• May 2013
  • Vol. 14, No. 4

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Youth Relationship Education in Foster Care

Research shows that many teens in foster care engage in risky sexual behavior, such as having sex for the first time at a young age and using contraceptives incorrectly. Adolescence is a confusing time for anyone, and it can be especially difficult for youth in care who lack strong relationships with caring adults who can provide sound relationship advice. A research brief from Child Trends explores the research on and evaluation of relationship education programs for youth in foster care.

Research shows that relationship skills can be learned; however, there is a clear gap among relationship education programs that specifically target children and youth in care. To fill this gap, the authors suggest implementing a tiered approach to services that integrates relationship education components into existing services, particularly teen pregnancy prevention services.

Child Trends examined dozens of programs targeting both youth in care and other vulnerable populations with similar risk factors. Existing programs include:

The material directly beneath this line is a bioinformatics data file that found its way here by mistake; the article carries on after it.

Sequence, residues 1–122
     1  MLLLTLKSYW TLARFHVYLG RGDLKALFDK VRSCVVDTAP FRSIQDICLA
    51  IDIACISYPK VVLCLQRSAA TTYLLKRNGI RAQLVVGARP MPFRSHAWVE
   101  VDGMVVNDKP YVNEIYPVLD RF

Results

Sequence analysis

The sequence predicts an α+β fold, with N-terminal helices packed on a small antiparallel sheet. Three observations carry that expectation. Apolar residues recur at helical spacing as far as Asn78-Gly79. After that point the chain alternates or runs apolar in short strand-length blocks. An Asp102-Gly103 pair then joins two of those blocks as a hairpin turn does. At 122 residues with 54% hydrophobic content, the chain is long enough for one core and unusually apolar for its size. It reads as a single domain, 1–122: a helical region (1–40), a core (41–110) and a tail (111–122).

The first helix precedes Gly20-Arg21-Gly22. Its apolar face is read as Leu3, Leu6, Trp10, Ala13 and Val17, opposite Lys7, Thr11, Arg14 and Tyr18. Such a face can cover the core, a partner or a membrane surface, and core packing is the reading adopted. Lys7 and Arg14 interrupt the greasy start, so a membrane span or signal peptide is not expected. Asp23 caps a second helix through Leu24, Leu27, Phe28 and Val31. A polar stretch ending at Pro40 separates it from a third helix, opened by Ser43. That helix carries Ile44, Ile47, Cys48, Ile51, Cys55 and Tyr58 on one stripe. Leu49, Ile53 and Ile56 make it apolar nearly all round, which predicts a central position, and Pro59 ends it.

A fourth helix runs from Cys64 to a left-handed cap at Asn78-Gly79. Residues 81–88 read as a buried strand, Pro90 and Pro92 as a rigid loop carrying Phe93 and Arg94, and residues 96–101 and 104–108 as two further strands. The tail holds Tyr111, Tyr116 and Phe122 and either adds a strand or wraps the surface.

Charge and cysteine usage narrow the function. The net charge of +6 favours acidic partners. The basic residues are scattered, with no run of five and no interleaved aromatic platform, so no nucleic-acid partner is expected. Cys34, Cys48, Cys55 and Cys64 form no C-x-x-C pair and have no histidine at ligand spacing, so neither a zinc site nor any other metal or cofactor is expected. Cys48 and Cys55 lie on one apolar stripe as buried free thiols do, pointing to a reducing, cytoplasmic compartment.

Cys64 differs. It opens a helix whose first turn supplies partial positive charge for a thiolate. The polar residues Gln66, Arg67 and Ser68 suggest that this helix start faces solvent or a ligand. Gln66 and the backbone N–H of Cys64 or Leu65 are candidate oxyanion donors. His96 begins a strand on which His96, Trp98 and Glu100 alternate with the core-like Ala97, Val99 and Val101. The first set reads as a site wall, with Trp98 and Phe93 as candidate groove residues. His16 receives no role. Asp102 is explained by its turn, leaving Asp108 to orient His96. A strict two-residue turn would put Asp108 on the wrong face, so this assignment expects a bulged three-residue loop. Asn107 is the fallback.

• Four relationship education programs for any population that have been evaluated using a randomized control treatment design or a high-quality quasiexperimental design
  • One program for youth in care that has been evaluated using a randomized control treatment design, with a relationship component as part of a broader range of program components
  • Three evaluated programs with a relationship education component that addresses romantic relationships but do not address relationship outcomes
  • Nine evidence-based relationship education programs, or programs with a relationship education component, without a formal evaluation
  • One evaluated program already implemented with youth in care that could be augmented with a relationship education component
  • Eight programs that do not target youth in care but have been evaluated and could be augmented with a relationship education component

The authors developed a logic model depicting key program elements critical for success and that could be used as a tool for designing, planning, implementing, and evaluating relationship education programs.

Putting Youth Relationship Education on the Child Welfare Agenda: Findings from a Research and Evaluation Review, by Mindy Scott, Kristin Anderson Morre, Alan Hawkins, Karin Malm, and Martha Beltz, is available on the Child Trends website:

http://www.childtrends.org/Files/Child_Trends-2012_12_01_FR_RelationshipEduc.pdf  (811 KB)

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